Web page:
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Image: Katy Perry
Chris Pizzello  /  AP
Katy Perry may have a hit with "California Gurl," but the Beach Boys' record label wants credit for the lyrics found in the pop group's "California Girls."
By
E! Online
updated 8/5/2010 7:32:53 PM ET 2010-08-05T23:32:53

Wish they all could be California girls? Only if they've properly cleared the publishing rights. Which Katy Perry apparently did not.

Following a report that the Beach Boys' record company label is out to get a chunk of royalties from the bubbly summer anthem, one of the Boys exclusively tells E! News that the band feels nothing but good vibrations toward the girl-kissing songbird.

Take it away, Mike Love...

"The Beach Boys are definitely not suing Katy Perry, in fact we are flattered that her fantastically successful song is bringing to mind to millions of people our 1965 recording of the Beach Boys' 'California Girls,' " says Love, who cowrote the classic with Brian Wilson.

"We think her song is great and wish her all the success in the world."

It's safe to say the music publisher that controls the rights to the song doesn't feel exactly the same way.

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A spokesman for Rondor Music tells E! News that while the company doesn't intend on launching any litigation against Perry, it hopes that the creative team behind her hit do the right thing and give credit (and, it follows, royalties) where it's due.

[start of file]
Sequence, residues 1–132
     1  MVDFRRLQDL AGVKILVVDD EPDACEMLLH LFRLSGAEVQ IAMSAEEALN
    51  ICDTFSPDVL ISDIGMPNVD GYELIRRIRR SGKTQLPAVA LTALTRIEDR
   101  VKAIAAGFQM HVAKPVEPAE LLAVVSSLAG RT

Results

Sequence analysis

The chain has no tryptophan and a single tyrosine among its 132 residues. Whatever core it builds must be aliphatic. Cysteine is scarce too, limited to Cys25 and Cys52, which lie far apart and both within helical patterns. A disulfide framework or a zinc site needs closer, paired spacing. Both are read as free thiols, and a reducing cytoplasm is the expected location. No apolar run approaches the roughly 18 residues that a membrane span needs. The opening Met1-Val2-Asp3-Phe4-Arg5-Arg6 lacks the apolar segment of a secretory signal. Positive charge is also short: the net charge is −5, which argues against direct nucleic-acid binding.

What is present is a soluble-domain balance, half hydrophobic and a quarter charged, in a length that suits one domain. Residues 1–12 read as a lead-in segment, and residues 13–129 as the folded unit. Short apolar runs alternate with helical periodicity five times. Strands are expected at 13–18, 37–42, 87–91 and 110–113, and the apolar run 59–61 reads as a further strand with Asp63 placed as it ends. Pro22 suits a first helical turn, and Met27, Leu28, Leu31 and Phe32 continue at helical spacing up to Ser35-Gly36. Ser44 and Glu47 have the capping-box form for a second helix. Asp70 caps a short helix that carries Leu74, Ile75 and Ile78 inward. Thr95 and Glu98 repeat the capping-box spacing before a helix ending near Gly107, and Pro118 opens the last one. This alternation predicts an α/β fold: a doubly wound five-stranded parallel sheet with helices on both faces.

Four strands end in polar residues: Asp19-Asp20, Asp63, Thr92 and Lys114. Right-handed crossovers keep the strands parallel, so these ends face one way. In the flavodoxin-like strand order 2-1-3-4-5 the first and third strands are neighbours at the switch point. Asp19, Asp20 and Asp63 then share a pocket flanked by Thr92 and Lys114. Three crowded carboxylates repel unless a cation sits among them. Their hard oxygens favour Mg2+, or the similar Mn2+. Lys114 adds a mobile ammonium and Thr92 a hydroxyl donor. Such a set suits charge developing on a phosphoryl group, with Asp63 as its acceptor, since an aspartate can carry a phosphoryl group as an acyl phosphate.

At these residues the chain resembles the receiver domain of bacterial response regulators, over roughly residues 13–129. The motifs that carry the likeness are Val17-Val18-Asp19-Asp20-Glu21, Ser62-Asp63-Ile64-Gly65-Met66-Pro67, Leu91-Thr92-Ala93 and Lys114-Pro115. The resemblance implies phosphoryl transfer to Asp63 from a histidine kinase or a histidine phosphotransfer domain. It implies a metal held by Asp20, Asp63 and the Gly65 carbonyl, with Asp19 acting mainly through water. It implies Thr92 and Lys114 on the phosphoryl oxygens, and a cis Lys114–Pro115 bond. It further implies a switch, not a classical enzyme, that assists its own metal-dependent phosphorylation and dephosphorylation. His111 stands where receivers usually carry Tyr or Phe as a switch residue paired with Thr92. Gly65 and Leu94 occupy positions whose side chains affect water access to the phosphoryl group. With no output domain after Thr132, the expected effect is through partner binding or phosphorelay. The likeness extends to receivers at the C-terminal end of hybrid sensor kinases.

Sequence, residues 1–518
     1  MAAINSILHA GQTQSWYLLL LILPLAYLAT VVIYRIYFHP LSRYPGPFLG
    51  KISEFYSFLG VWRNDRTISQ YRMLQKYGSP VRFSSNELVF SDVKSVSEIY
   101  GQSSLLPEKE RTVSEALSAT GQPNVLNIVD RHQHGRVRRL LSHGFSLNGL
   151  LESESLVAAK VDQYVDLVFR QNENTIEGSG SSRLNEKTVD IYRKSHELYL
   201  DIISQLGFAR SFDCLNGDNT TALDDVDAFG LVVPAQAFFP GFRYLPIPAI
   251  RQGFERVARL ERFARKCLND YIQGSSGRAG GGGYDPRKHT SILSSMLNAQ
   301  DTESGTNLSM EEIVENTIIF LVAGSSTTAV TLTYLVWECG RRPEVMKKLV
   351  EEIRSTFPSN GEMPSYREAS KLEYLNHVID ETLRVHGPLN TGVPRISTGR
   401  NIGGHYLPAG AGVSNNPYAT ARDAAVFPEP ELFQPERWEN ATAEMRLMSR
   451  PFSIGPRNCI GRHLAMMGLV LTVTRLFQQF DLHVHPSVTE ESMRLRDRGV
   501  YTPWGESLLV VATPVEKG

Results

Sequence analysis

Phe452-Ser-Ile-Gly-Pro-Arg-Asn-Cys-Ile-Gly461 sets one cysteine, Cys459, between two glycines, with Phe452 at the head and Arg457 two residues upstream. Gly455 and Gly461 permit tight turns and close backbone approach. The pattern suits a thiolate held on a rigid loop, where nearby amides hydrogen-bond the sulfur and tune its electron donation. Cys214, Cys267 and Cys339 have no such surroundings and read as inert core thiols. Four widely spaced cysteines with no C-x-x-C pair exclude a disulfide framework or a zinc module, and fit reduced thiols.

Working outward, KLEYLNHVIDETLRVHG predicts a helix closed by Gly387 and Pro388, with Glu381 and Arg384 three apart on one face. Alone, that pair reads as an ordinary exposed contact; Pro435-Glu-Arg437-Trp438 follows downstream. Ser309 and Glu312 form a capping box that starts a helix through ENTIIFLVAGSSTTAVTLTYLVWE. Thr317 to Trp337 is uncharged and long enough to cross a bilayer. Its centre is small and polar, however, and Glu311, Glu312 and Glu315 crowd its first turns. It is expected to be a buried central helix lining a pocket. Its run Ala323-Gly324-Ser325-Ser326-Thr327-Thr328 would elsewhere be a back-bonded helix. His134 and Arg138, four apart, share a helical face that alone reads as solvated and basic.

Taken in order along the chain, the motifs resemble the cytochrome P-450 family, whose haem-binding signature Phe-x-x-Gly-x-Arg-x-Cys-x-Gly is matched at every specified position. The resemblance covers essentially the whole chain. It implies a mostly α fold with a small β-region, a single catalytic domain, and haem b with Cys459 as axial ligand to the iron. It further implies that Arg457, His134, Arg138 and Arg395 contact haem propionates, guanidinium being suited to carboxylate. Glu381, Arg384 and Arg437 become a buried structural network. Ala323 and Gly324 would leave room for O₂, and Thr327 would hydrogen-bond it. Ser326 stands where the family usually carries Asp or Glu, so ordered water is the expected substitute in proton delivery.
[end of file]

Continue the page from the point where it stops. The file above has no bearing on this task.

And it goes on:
"In regard to the various rumors circulating, we would like to make it clear that there is no lawsuit against the writers or publishers of 'California Gurls.' We have established diminutive claims. It is up to the six writers and various publishers of 'California Gurls' to decide whether they honor the claim or not."

But the music publisher didn't stop there and continued giving a real tsk-tsk to Perry & Co.

"Using the words or melody in a new song taken from an original work is not appropriate under any circumstances, particularly one as well-known and iconic as 'California Girls.' Rondor Music…is committed to protecting the rights of its artists and songwriters, and with the support of the writers, that is exactly what we are doing."

Even if they're doing it without the cooperation of the artists they're protecting.

© 2013 E! Online

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